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    $\begingroup$ The condition you want is that the n-fold intersections are all empty or contractible. Then the Cech complex of this cover (with constant sheaf Z) recovers the homology of the manifold. The general case where n-fold intersections are not contractible instead takes the form of a spectral sequence involving cohomology of the various intersections: en.m.wikipedia.org/wiki/… If I remember the Cech spectral sequence is well explained in the book by Bott and Tu. $\endgroup$ – user98602 Aug 24 '18 at 3:12
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    $\begingroup$ @MikeMiller : Thanks for your comment ! So you don't require anything on $k$-fold intersections for $k<n$ ? Also when you say "Cech complex" what do you mean ? The Cech complex associated to the nerve don't compute the homology correctly here but I'm not sure what would be a correct replacement for the Cech complex here. $\endgroup$ – Nicolas Hemelsoet Aug 24 '18 at 4:21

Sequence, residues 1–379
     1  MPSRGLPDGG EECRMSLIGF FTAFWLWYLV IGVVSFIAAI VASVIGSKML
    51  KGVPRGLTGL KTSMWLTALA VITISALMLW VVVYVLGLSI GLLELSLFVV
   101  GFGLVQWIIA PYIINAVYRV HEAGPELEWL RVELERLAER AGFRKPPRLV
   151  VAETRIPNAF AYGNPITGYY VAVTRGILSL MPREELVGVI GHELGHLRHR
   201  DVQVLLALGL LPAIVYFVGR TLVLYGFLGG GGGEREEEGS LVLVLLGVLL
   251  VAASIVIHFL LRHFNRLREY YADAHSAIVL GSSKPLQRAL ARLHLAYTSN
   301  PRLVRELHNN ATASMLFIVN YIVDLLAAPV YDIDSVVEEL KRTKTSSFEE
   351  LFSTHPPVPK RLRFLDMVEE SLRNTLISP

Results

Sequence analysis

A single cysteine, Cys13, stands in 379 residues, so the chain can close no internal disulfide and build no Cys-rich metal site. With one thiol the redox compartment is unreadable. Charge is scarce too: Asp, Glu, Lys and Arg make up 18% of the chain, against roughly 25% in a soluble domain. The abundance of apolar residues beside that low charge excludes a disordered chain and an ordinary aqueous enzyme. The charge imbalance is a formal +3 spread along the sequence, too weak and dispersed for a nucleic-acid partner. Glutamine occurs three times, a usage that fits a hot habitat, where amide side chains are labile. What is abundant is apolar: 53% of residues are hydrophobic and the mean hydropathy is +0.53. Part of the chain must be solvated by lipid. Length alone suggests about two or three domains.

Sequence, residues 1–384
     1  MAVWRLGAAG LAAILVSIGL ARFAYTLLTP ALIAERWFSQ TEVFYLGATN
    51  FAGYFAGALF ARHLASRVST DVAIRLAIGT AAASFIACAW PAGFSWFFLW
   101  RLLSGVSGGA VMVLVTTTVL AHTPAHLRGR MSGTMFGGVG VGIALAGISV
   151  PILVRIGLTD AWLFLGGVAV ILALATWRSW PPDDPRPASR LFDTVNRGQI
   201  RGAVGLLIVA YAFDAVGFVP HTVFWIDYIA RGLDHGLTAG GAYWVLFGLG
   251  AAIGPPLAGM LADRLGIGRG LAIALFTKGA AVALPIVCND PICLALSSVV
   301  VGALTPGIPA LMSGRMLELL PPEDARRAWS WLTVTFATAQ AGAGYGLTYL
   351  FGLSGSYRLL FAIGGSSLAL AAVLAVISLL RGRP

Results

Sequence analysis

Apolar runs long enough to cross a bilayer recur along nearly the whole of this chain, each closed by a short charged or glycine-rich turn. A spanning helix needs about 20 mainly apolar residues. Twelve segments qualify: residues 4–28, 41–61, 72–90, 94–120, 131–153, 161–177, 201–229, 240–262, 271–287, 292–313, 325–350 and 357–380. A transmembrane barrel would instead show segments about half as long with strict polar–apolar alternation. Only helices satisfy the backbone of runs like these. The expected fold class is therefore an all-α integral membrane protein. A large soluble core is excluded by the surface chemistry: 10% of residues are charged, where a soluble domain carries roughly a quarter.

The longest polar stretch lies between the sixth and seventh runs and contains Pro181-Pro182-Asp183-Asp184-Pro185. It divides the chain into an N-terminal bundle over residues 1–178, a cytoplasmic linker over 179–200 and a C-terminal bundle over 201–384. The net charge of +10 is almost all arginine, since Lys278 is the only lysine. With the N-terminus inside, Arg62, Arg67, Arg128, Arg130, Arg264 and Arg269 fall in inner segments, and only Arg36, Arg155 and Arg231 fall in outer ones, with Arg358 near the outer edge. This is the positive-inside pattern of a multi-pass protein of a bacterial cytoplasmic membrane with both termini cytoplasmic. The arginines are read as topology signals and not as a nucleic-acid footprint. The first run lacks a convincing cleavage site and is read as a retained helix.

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    $\begingroup$ @Multivariablecalculus I don't understand Mike Miller comment so far (and I have very limited internet connexion as well) but if I understand it sure ! $\endgroup$ – Nicolas Hemelsoet Aug 24 '18 at 18:46
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    $\begingroup$ @MikeMiller : thanks for the reply. I don't think I understand, let us take a single copy of $S^n$. The Cech complex associated to its nerve is $Z$ in degree 0 and the cohomology is not the cohomology of the sphere. So given the nerve associated to this family of spheres, there should be a more complicated complex we should associate which computes correctly the cohomology, however I'm not sure I can see how to construct one it looks tricky. Also, another trivial remark but your condition doesn't work if $n=1$. $\endgroup$ – Nicolas Hemelsoet Aug 24 '18 at 18:51
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    $\begingroup$ @MikeMiller : I agree with your first comment. However the question here was "given the abstract nerve associated to a cover of M by spheres, how to compute the homology of M only using the nerve". I don't understand how you (correct) first comment helps to the question by the OP. $\endgroup$ – Nicolas Hemelsoet Aug 25 '18 at 8:41